Gene Wolf
18th-century technology.

Inaction for the Power Grid Has Consequences

Nov. 13, 2023
I thought adapting our grid’s standards to climate change is going to be a trending topic. I’d like to add it’s going to be a rocky process. This new reality requires new standards because inaction has consequences.

Don’t you just love it when several of your favorite things come together at the same time? That happens every fall for me because first of all, I love the fall season with its fabulous foliage and cool weather. In New Mexio it also marks the start of fall fiesta (festivals) season, which are usually associated with history in one form or another. That makes it a trifecta of favorite things since I love both of these activities too.

What got me focused on these topics were recent announcements for the annual fall harvest festival being held at “El Rancho de las Golondrinas” (the ranch of the swallows). Las Golondrinas is a living museum that dates back to the early 1700s and houses many historical buildings in a bucolic setting. Its volunteers and docents take visitors back to a less complicated period where 18th century technology abounds.

I don’t know why, but there’s something about older technology that’s reassuring, maybe it’s nostalgia for a less complicated world. Watching a waterwheel-powered gristmill grind grain is soothing, but it was probably unsettling to those whose job was crushing grain between handheld rocks. There’s no getting around it, the world has gotten a lot more uncomfortably complicated.

Keeping Up with the Times

This came into focus last year when I wrote about problems with my home’s air conditioner and was looking at replacing it. The new technologies were very different, and they led me into something unexpected. As I researched the latest technologies it became apparent that industry standards were not keeping up with global warming and the environmental changes it was causing. Unfortunately, it was not just refrigeration standards needing updating.

With that in mind, it was perfect subject-matter for the October 2022 “Charging Ahead” editorial titled “Changing Standards For Climate Change.” After the column’s publication, I continued watching the efforts of numerous groups working on updating the guidelines, practices, and standards used by our industry. Interestingly, the results have been both encouraging and discouraging.

On the encouraging side of the equation I ran into an article titled “Is My Substation Ready For The Next Extreme Event?” It gives an interesting summation of ASCE’s work to revise those guidelines, procedures, and standards used in building the power grid with an eye towards our changing environment. This article can be found in this year’s “ASCE Lines and Structures” special supplement included with the October 2023 issue of T&D World.

Regulatory Support    

There was the discouraging side of the equation to consider too. There has been some strong pushback due to the cost of these upgrades. There is also the idea that there isn’t a problem because these old-school standards are based on solid engineering and so on. Luckily DOE (Department of Energy) is weighing in on the side of updating. Last year they announced their “Building A Better Grid” initiative. It calls attention to an aging grid and making it more resilient to the impacts of climate change.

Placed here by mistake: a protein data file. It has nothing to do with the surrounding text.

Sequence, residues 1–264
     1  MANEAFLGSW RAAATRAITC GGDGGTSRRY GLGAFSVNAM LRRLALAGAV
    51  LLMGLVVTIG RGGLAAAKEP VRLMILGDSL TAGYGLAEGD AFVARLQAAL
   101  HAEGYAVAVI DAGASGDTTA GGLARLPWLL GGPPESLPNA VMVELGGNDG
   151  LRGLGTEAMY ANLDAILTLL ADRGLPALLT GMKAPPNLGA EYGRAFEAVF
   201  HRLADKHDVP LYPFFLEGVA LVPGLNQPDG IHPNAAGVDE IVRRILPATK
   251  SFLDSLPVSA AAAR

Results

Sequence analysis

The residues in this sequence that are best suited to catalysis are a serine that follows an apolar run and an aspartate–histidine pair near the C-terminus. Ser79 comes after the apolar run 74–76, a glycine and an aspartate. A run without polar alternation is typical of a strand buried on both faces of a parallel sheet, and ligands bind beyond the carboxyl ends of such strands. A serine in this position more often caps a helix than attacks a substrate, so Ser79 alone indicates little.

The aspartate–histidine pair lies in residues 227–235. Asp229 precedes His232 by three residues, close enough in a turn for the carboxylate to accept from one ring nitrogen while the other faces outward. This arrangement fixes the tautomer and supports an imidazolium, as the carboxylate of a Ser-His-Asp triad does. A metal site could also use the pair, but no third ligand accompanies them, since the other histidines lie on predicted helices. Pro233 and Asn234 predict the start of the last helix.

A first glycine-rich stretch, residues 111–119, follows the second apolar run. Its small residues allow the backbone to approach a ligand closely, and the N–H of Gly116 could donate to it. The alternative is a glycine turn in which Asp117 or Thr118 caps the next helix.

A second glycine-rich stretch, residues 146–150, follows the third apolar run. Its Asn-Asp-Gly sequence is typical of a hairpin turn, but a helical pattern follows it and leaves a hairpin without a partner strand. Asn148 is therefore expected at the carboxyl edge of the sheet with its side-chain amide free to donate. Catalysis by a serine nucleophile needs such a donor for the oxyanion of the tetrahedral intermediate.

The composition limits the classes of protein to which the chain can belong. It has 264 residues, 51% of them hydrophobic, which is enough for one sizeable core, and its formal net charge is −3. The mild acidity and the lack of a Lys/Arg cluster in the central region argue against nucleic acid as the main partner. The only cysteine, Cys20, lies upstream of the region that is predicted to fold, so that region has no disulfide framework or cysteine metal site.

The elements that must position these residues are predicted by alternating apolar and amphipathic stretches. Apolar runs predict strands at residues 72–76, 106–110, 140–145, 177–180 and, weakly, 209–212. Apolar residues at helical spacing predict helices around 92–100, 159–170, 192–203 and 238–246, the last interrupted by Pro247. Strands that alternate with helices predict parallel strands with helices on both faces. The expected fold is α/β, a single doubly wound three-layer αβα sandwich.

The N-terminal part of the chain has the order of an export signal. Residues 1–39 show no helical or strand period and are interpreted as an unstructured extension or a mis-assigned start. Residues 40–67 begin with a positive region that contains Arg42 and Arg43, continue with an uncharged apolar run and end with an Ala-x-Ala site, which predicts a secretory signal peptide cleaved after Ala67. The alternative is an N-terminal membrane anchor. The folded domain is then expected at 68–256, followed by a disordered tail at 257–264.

Likewise, early this year FERC (Federal Energy Regulatory Commission) published a number of positive measures addressing the reliability and resiliency risks created by climate change. One asks transmission providers to make reports on if they have made extreme weather vulnerabilities assessments to their systems and how they did it. FERC also finalized a rule requiring NERC (North American Electric Reliability Corporation) to update the national reliability standards to require planning for an extensive array of extreme weather risks, including extreme heat and cold.

One report I read said this order requires utilities and transmission operators to perform detailed evaluations of the risks from extreme weather events. It doesn’t stop there. These grid operators are expected to take corrective action where risks are identified. This brings us back to the need for updating guidelines, procedures, and standards we use to redesign and remodel the power delivery system.

To aid in this task, the Pacific Northwest National Laboratory (PNNL) published the report “Emerging Best Practices for Electric Utility Planning with Climate Variability: A Resource for Utilities and Regulators” last May. PNNL said the report is intended to help utilities and regulators work together as they address climate issues and the power grid.

In last year’s editorial I said I thought “adapting our grid’s standards to climate change is going to be a trending topic.” This year I’d like to add it’s going to be a rocky process. This new reality requires new standards because inaction has consequences – failure!

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